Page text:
Heritage: The wartime minister whose Wimbledon hideaway was bombed
Last Friday would have been the 119th birthday of Isaac Leslie Hore-Belisha, 1st Baron of Devonport (1893-1957), the controversial Transport Minister who championed the cause of road safety in the 1930s, was sacked as War Minister by Neville Chamberlain early in the Second World War, and was the last resident of Old Warren Farm to stock dairy cattle beside Wimbledon Common.
Mainly remembered today for having introduced the Belisha beacon at pedestrian crossings and introducing 30mph speed restrictions on Britain’s roads during the 1930s, Hore-Belisha bought part of Old Warren Farm from landowner Admiral Drax in 1938, shortly after his promotion to the War Office.
He leased the rest of the 14 acres of paddock and woodland from Wimbledon Council and lived there until his death in 1957. For most of those years it was a peaceful haven, remote from the nearest neighbours but useful for discreet meetings with national and international leaders, especially in the early years when it also had a direct phone line to Whitehall. Hore-Belisha modernized the farm buildings – which dated back to the 17th century – and sold milk to a local dairyman.
Wimbledon really was a haven for a man whose political career was as stormy as it could get. A former Liberal, he was nevertheless promoted by the Conservative Neville Chamberlain but soon alienated senior military figures by introducing major reforms for the benefit of ordinary troops. Having been mentioned in dispatches during the First World War and reached the rank of major, he understood their plight. He then annoyed Chamberlain by introducing conscription in April 1939, when the Premier was still trying to appease Hitler, and after the start of the Second World War, warned of the inadequacy of the British expeditionary force in France before the advancing Germans. He was soon proved right as the fleeing British troops narrowly escaped from Dunkirk and the Blitz got under way.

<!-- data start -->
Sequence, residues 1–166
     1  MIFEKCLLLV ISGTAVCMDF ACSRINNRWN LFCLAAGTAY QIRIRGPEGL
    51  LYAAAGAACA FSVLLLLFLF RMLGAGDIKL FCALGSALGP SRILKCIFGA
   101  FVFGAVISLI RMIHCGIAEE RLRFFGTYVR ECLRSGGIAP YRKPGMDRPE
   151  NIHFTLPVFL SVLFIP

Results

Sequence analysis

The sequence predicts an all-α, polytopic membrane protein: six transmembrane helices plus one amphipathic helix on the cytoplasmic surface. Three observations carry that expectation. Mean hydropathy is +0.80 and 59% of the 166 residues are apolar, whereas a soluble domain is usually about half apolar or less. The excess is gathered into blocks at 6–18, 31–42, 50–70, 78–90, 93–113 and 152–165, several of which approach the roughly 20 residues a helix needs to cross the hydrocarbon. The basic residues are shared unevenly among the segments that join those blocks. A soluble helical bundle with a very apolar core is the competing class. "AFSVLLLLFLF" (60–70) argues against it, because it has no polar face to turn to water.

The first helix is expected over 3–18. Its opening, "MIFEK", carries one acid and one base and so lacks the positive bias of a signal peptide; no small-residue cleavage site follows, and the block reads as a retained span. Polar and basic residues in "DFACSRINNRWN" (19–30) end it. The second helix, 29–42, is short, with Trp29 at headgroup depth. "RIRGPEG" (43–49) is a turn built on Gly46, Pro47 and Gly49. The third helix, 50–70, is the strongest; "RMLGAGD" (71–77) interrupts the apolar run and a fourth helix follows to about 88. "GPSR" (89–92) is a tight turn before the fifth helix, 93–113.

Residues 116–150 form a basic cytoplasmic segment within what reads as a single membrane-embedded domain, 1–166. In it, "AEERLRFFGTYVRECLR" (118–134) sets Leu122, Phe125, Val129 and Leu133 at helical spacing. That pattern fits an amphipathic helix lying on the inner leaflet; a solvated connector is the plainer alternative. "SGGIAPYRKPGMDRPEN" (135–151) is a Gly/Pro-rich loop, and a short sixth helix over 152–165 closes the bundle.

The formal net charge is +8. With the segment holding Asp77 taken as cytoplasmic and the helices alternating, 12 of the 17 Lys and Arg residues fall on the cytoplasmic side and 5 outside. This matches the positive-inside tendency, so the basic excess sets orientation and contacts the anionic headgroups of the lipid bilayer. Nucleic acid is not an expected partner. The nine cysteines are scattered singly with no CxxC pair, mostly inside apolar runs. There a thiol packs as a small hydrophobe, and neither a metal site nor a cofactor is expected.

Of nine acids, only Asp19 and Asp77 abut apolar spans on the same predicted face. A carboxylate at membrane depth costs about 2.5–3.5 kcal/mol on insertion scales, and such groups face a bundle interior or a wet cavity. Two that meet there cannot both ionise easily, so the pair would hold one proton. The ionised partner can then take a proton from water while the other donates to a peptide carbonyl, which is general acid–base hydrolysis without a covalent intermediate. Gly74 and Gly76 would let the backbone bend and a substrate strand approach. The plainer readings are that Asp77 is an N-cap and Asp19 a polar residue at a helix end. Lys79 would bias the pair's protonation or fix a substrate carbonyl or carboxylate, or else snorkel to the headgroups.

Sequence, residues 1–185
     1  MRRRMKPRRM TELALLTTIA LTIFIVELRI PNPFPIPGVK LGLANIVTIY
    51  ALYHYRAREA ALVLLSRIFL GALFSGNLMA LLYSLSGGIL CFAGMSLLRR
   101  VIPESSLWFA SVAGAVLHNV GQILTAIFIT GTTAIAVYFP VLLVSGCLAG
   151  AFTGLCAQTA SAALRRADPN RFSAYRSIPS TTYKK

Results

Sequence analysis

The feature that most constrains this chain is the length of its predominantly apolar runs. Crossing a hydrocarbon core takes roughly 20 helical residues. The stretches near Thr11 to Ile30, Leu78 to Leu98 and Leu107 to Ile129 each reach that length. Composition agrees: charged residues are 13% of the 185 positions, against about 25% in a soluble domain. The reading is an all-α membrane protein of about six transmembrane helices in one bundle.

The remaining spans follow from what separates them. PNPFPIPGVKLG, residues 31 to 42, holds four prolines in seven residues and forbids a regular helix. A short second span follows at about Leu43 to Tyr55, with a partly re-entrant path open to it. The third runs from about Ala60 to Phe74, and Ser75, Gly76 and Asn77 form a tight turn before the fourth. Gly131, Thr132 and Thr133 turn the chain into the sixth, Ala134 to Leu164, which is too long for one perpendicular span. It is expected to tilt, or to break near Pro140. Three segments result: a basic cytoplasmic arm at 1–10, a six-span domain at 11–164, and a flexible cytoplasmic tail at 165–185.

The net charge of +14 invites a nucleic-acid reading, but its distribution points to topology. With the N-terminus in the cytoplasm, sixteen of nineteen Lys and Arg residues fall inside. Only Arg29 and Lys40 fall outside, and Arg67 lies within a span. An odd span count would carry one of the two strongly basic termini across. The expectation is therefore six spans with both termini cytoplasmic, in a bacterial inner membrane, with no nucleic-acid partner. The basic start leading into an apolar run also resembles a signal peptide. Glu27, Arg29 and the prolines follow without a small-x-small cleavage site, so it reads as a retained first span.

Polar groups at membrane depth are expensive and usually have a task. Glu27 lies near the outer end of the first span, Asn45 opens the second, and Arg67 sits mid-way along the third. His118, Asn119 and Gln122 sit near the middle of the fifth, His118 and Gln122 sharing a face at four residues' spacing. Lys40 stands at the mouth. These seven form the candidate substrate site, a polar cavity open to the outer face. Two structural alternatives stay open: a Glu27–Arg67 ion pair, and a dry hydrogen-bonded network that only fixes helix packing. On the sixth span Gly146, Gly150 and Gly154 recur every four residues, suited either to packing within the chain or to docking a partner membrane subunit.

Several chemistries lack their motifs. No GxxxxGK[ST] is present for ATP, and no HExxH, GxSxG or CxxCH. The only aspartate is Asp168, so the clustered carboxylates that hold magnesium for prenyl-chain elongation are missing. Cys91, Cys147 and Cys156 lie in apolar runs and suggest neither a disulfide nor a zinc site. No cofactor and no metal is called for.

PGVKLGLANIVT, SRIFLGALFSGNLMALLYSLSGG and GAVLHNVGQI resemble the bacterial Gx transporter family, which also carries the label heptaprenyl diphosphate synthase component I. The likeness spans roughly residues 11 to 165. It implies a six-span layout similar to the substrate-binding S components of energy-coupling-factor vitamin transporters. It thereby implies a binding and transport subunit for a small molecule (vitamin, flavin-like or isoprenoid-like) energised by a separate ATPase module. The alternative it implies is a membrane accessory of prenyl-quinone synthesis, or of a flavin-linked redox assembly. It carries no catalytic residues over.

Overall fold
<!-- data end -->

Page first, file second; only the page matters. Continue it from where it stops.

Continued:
As he was Jewish, Hore-Belisha was subjected to anti-Semitic propaganda from the Nazis, both through the radio broadcasts of “Lord Haw-Haw” and fraudulent press coverage purporting to come from Fleet Street. But he also suffered prejudiced comments from within the British political and military establishment where racism was still unexceptional. In January 1940 he was forced to resign.
The Nazis knew of his hideaway at Old Warren Farm and “Lord Haw-Haw” promised to bomb it. In November 1940 a German incendiary bomb fell nearby, causing little damage but in June 1944 when RAF pilots shot down two flying bombs, the second one hit the farm, landing on Hore-Belisha’s bed. Then on 19 July, a V1 rocket damaged most of the buildings. He and his young wife Cynthia, a volunteer ambulance driver who had previously been captured by the Germans in France and imprisoned for four years, were away at the time. The farm was rebuilt but the cattle had to be sold and never returned.
Hore-Belisha failed to rebuild his career under Winston Churchill and in the 1945 landslide election was defeated in his Devonport seat by the future Labour leader, Michael Foot. After the war he was elected to Westminster City Council and had rooms and an office at 16 Stafford Place, SW1, but remained living at Old Warren Farm, riding on the Common and playing golf in his spare time. Cynthia did her shopping in Wimbledon town.
In 1954 he was elevated to the peerage as Baron Hore-Belisha of Devonport but died suddenly age 63 in February 1957 while leading a British parliamentary delegation to France and making a speech at Reims town hall. Cynthia remarried an Army major called Ian Victor Major. She and Hore-Belisha had had no children so the title died with him.